Saturday, April 28, 2012

Making Change and Fishy Adjectives

We’ve moved on in our money study and are officially starting to make change. I know that this has been a very difficult skill for some of my previous third and fourth graders to master…so I’ve been semi-dreading this.

I've thought a lot about how to present it to my students to take advantage of the skills they’ve been working so hard to master this year. Here is what I came up with: Fact Families. I don’t know if this is how other teachers are teaching this, my curriculum does not present it this way. It just kind of magically expects them to start counting up, while simultaneously drawing the coins that match and then adding up what they counted up to say how much change is needed…that’s a lot of steps in 1 lesson!

Here is the Making Change Anchor Chart that I used:
I talked about fact families with the kids and how if we know 2 numbers we can find the third. We practiced with familiar fact families.Then we did some really easy making change word problems all together, I plugged in the numbers always referring to the anchor chart.

Example: “Max bought a toy for 30₵. He paid with 50₵. How much change does he need?”

Then we practiced counting up using mental math or the hundred chart.
Then my students went to their desks and we did this with white boards. Students had to make a fact family triangle and then plug in the numbers in the right spots on the triangle as I told them word problems. Then they would try and find the missing number by counting up – showing me their number sentence.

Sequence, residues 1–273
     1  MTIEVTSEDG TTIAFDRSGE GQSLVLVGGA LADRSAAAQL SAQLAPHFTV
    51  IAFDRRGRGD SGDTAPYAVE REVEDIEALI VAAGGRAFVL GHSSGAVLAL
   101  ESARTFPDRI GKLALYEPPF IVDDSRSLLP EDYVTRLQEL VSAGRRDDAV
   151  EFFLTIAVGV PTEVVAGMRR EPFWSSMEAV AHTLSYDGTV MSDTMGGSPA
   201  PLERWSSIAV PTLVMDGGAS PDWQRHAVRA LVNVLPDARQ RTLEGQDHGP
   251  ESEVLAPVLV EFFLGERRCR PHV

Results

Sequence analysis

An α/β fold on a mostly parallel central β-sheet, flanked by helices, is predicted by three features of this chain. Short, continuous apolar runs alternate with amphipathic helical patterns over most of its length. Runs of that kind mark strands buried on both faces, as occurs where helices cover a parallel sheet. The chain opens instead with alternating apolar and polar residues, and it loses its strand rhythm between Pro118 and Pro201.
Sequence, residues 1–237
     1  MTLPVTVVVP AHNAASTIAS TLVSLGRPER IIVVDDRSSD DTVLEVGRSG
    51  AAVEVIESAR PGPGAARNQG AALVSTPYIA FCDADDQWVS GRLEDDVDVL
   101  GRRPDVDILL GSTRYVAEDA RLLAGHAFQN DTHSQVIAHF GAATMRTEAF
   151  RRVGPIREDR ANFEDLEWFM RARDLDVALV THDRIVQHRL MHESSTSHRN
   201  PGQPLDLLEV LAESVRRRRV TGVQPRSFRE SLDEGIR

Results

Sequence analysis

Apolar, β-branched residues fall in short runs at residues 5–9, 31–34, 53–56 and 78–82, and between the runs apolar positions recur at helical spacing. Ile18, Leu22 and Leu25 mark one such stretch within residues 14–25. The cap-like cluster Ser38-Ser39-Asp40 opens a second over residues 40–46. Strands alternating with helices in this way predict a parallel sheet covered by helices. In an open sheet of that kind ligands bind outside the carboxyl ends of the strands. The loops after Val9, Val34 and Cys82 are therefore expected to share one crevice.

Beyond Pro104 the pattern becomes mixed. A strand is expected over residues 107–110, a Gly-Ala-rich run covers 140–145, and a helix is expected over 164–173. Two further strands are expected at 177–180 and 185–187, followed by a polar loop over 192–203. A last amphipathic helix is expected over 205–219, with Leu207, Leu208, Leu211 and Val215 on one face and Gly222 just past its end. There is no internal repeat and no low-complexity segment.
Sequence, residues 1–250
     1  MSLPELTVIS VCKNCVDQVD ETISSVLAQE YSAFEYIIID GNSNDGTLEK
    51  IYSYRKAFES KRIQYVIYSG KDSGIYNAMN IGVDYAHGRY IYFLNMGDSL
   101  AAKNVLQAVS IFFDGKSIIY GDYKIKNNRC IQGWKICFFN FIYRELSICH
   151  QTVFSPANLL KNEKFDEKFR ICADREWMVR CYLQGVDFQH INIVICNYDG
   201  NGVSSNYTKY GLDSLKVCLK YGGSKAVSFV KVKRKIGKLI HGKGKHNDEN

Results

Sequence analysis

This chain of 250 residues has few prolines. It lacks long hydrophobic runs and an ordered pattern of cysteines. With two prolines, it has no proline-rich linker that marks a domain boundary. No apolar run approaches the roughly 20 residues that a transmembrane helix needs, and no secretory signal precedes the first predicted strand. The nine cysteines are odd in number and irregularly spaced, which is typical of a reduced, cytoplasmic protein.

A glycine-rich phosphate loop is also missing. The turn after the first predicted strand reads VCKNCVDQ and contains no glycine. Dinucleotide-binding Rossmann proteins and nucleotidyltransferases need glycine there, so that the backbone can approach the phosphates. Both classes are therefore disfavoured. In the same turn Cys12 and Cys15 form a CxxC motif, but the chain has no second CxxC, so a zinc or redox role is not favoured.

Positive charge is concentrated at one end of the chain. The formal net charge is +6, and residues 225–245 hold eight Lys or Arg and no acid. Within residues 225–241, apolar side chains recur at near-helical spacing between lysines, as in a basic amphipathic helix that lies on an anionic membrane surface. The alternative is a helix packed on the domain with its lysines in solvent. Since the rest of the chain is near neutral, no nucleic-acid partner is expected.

This is how I started and time will tell if this is successful or not. In this very brief first lesson most of my students were getting the hang of this, but this was guided and not independent work. I’ll keep you posted!

On another note, my future teammate and I got together for another 1/2 project.  This time we worked on adjectives and cognates (those words that are super similar in English and Spanish).  We worked on describing the ocean, fish and creatures in the ocean.  We had to think of the adjectives in both languages – this can be a challenge for all involved.  I find it interesting how some words just don’t translate well between languages. Here you an see our first step:

It was fun, a little bit stressful, but overall worth it. We did our adjective work and then did a fun art project.

Step 1: Paint paper to look like ocean – we mixed green and blue and some fun sparkly paint.

Step 2: Pass out tinfoil to students.  If you have rubbing texture plate thin-a-ma-bobs you can use those too!  We got some from our art teacher, but it didn’t work very well.  Crumpling up the tinfoil works too!
Using sharpies students draw the outline of a sea creature.  We could fit 3 on our sheet.  They need to color these with sharpie as well (some regular markers worked and some didn’t).  Don’t use fine point sharpies, only the thick tip sharpies.

Step 3: Cut out and glue onto the dry ocean.

Step 4: Add adjective work and display!

Mrs. Castro Pin It


  1. Replies
    1. Thanks! They turned out way better than I expected!

  2. Singapore Math has a unit bar strategy for problem solving and I found that it helped SO much with 'part-part-whole'! I haven't thought to use it for making change, but I bet it would work really well! I bet the fact family analogy really helped, too.

    I always seem to get ideas from you!

    Luckeyfrog's Lilypad